The Alyeska Hotel is about 20 years old, and has gone through several management changes and several names. It is a luxury hotel but doesn’t feel like one–and I say that in the best possible way.
Travel and Leisure says Alyeska Resort is the 13th on its list of “North America’s best ski hotels,” It is located near both the tram and chair 7 Keep up your speed come down Blueberry Hill to the hotel, respecting the fact that it’s a slow zone, and you may be able to ride either to the base of the tram or the entrance of the hotel.
Rooms come either with a queen bed or two doubles. I had the two-doubles room, which came with two night stands, a desk with chair, a two-person bench with padded seat suitable for sitting and taking off boots, and a three-drawer dresser. It also had two sitting chairs and a small table, all near the window with a view of the tram bulding, mountain, and base of chair 7. The electronics were a bit dated; the TV was tube-based rather than a flat panel. The clock radio had a CD player built in but lacked an input for MP3 devices. It’s easy to miss the coffee maker and refrigerator, since they are placed behind one of the closet’s two sliding doors. My room was definitely on the warm side, even after I turned the thermostat down all the way on the first day, and left it there the whole week.
There’s a nice little touch in the hallways: Outside each room is a bench that you can use to don and doff boots. Be sure to stop at the front desk desk to ask for the key that will unlock the small storage area that’s underneath the bench.
The service was very good. I kept leaving my room key in the room, and the desk clerks cheerfully made a new key for me each time, without complaint. The cleaning staff, when I encountered them, were friendly and knowledgeable. A waitress in the Aurura Bar and Grill was very attentive, offered to move me to a table near the window, which gave me a great view of the mountain for my late lunch. And when I took my board to the rental shop for a tuning, I got it back with a wax as well.
The hotel has a spa, a hot tub, and an ice skating rink, but little in the way of “fancy” shopping. There’s also no water park or snow tubing, so options for non-skiers are limited. There’s a real-estate office, and plans for some development, but so far, they’re modest.
The town of Girdwood
Alyeska is at one edge of the small town of Girdwood, which has about 2,500 people.
We ate dinner most nights at the hotel, but one night I went out a few blocks away to the Double Muskie, a restaurant known for cajun food. The menu claims that the Double Muskie is known for having the best steak in America. I shared a steak with a dinner companion, and neither one of us were impressed. It didn’t taste like steak as much as roast beef. The waiter didn’t help matters by his confused handling of our bill. Like many resort-area restaurants, the Double Muskie does not give separate checks. The waiter, though, tried to be helpful by calculating the bill for each person in our party of 8, off one ticket. Though that sounds like a simple mathematical problem, it was quite a fiasco by the time it was over.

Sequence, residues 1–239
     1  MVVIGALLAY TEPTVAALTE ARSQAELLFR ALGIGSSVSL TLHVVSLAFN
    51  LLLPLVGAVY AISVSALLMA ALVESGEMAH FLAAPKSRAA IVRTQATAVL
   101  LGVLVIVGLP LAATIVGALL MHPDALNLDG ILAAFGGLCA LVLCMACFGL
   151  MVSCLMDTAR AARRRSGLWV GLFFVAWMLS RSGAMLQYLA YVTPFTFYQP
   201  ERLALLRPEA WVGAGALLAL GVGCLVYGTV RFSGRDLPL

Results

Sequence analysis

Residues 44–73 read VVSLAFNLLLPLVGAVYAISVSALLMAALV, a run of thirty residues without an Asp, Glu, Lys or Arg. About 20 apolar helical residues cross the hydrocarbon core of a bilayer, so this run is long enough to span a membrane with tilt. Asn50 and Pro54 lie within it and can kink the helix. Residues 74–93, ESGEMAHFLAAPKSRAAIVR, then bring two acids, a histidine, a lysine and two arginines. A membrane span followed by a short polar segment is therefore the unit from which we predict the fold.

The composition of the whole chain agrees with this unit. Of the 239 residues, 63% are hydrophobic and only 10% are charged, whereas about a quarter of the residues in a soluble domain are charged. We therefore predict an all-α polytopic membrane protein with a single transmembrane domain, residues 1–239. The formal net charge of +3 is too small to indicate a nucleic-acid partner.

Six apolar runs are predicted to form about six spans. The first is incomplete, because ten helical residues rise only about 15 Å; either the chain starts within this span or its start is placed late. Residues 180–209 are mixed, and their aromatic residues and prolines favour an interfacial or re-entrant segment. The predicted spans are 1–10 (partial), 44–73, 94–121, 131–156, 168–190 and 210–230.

Alyeska and nearby Anchorage at nearly at sea level, making the resort and city a great refuge for anyone who suffers from altitude sickness. As a bonus, the mountain offers fantastic views of Prince William Sound.
The road from Anchorage goes along the sound.
When to go
There’s no bad time to go snowboarding, but some times are better than others. In the case of Alyeska, the month of March is a good choice. For one thing, it offers visitors so much more daylight than January does. On January 15, you’ll have but 6 hours and 25 minute of sunlight. By March 15, that window expands to 11 hour, 44 minutes, a gain of 4 hours, 52 minutes. And if your local hill is winding down, there will be plenty of show left way up north.
Another advantage of arriving in March is that you can participate in some of the events associated with the Iditarod, the famous race that is held each year in the first part of the month. The race stretches over 1,000 miles and takes anywhere from eight to 20 days to complete.
The race starts on Sunday outside of Anchorage, but the day before features a parade of teams downtown. People come from all over the country to participate not only in the race but in the parade. If you enter and win an auction, you can pay for the privilege of being pulled by a team in the parade. The weekend, and indeed, weeks surrounding the race, are filled with all sorts of social events, including the “running of the reindeer,” a northern, and less dangerous, running of the bulls of Pamplona.